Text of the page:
Returning to the cupboard, he secured two bowls and began ladling stew into each. The steam rose and filled his nostrils. “Mustn’t burn your tongue.” He set aside the dishes.

As he waited, he returned to the workbench. He removed the precious gifts he’d labored on, lifted each one, and examined it with a critical eye. When they met his approval, he added them to a burlap sack and placed them by the door.

The loud tick of the clock marked the seconds. Surely, the stew had cooled. He placed a bowl beside Belle. She lapped up the meal with fervor and pushed the near-empty dish around the floor with her nose. He stood watching her with love-filled eyes before turning to his own.

The wood squeaked as he settled his burly frame into the rocker and offered a quick prayer of thanks for the rabbit that gave its life. “Ah.” He sighed as Belle padded over to him and rested her chin on his knee. “You would have mine too?” He raised a bushy brow. “You are a heartless wench—shame on you.” He chuckled while he fished a choice chunk of rabbit from the stew and presented it to her. This time, she took a dainty nibble, her velvet lips barely brushing his fingers. She elicited another bite before lying down at his stocking-clad feet.

He polished off his stew, enjoying every drop, and reached for a tattered old book that he kept ready by his chair. Time yellowed the pages, but the message was eternal. His eyes absorbed the precious words, most of which he already knew by heart. He read several passages, letting them sink in, before easing his considerable girth to the floor. His knees protested the abuse, but he dismissed the discomfort as he knelt and began to pray. Father, I have not been a good man. I was foolish in my youth—not kind to man nor beast. You have said in your word that who was forgiven much, there is much love, and I ask that you never take this spirit away from me. I thank you on this holiest of nights for your dear son and for allowing me to give these simple gifts to the children. I ask that it will bring a bit of joy to their hearts. At no time have you failed to gather the creatures of the fields to carry my sled and allow me to get down the mountain to the towns below. May all souls be reminded to give of themselves and keep the spirit of giving alive all year long. Amen.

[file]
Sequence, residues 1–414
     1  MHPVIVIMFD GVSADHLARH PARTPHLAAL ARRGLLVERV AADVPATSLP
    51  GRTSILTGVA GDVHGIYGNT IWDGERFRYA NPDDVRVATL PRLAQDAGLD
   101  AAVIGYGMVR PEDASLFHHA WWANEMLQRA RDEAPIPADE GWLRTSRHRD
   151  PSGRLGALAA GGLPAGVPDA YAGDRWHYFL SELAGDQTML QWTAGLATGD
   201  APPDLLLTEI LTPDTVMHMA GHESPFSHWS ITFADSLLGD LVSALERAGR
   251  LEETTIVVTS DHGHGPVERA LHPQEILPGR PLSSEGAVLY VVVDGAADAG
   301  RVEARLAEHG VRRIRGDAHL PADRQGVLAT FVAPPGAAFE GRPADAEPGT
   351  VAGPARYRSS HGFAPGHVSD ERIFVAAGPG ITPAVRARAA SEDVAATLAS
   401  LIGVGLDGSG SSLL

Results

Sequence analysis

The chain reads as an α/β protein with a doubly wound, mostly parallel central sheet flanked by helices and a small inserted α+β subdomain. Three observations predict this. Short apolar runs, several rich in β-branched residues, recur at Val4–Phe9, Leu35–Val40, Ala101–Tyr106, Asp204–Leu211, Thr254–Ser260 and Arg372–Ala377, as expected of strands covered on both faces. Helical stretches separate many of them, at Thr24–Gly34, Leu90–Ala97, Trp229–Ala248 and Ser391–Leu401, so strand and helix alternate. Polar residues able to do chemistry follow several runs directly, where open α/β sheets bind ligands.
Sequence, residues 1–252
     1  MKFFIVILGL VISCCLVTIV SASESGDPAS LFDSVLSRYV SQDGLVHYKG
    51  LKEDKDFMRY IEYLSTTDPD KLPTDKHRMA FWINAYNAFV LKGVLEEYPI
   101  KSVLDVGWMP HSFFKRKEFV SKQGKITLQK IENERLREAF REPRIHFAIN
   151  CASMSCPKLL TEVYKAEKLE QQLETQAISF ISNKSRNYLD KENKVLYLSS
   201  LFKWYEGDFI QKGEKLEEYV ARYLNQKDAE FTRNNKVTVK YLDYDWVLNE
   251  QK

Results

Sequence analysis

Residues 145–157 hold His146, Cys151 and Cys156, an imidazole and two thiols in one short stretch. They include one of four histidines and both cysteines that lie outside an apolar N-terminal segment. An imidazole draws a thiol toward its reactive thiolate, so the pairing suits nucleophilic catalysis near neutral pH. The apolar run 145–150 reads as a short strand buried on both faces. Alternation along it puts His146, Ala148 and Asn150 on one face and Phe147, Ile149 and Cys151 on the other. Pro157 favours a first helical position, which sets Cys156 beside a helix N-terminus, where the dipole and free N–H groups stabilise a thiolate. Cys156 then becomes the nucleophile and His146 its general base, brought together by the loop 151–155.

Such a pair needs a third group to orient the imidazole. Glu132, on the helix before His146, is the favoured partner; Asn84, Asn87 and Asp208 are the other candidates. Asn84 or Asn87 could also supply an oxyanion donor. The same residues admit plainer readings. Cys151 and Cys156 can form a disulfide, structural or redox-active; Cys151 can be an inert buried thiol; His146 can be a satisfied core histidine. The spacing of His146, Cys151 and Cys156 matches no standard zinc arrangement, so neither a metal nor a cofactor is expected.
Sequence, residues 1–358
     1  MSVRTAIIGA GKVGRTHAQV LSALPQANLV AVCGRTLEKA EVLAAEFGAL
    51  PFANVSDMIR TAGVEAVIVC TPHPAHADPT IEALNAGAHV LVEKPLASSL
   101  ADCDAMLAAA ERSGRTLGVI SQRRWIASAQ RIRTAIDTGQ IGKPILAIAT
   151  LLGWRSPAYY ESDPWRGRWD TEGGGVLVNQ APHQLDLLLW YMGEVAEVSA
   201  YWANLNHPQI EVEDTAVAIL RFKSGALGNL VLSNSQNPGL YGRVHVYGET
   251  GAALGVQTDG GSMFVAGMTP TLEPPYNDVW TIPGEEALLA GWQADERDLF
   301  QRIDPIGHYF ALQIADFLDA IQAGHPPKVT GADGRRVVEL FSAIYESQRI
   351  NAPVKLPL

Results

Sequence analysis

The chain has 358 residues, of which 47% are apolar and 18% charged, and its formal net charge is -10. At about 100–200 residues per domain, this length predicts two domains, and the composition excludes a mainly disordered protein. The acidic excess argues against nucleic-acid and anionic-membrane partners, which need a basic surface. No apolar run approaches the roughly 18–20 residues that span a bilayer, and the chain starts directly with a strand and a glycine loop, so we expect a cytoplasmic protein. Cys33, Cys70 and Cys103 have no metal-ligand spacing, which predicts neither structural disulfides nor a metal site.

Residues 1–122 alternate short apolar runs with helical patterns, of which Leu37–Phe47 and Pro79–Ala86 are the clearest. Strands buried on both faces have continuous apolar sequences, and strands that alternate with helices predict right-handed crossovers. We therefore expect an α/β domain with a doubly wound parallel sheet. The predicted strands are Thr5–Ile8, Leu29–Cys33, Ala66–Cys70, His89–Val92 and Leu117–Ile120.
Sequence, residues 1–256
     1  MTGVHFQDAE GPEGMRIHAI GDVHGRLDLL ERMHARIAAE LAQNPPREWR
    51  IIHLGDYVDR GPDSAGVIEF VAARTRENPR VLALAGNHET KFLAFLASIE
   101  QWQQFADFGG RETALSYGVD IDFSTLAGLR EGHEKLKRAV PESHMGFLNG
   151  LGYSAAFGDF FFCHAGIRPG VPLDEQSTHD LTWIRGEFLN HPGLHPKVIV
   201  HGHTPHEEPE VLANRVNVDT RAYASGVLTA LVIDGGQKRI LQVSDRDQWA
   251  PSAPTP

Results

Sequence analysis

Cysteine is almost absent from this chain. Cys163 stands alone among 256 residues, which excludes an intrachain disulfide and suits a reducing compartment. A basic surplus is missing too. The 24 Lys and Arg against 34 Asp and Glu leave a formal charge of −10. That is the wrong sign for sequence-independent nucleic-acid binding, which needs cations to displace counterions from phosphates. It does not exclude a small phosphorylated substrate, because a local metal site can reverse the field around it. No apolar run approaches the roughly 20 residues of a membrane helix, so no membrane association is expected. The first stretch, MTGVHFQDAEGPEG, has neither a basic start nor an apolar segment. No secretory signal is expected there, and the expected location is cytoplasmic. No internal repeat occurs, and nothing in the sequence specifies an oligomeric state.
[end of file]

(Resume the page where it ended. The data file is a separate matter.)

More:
He rose and donned his warmest clothing—Belle’s eyes followed his every movement as he puttered about the cabin, preparing for the trip. She was getting old and would not be able to accompany him many more years. Her body quivered with anticipation. She knew the routine as well as he, and she didn’t want to be left behind.

He stepped outside the door, his breath appearing in a huge puff. His heart never failed to quicken at the sight of the majestic creatures that assembled themselves at his crudely made sleigh. It was simple but sturdy. He busied himself with the harnesses, stroked each great beast, and spoke to them as old friends. They responded in kind.

A movement at the window caught his eye. Belle’s large head and paws filled the frame as she watched him. He smiled. As if I could ever leave her. With a final check to make certain all was secure, he returned to the house. She waited at the door. Her tail wagged, causing her entire body to sway. She greeted him as if he had been gone for ages and barked a deep welcome.

As he bustled around the cabin, making sure he had all he needed, her massive body bumped into him, knocking him off balance several times. “All right, girl. I know you are anxious to be on our way. I’m excited too.” He patted his leg with his mitten-clad hand. “Come. It’s time.”

He hoisted the sack of toys over his shoulder, and together the two tramped through the snow to the waiting sleigh. She didn’t hesitate but took her position beside her master, eager to be gone. She sat erect, her muscles trembling with anticipation. The moisture from her warm breath produced a misty haze as she barked her enthusiasm. Belle’s rough voice echoed through the night. They were on their way.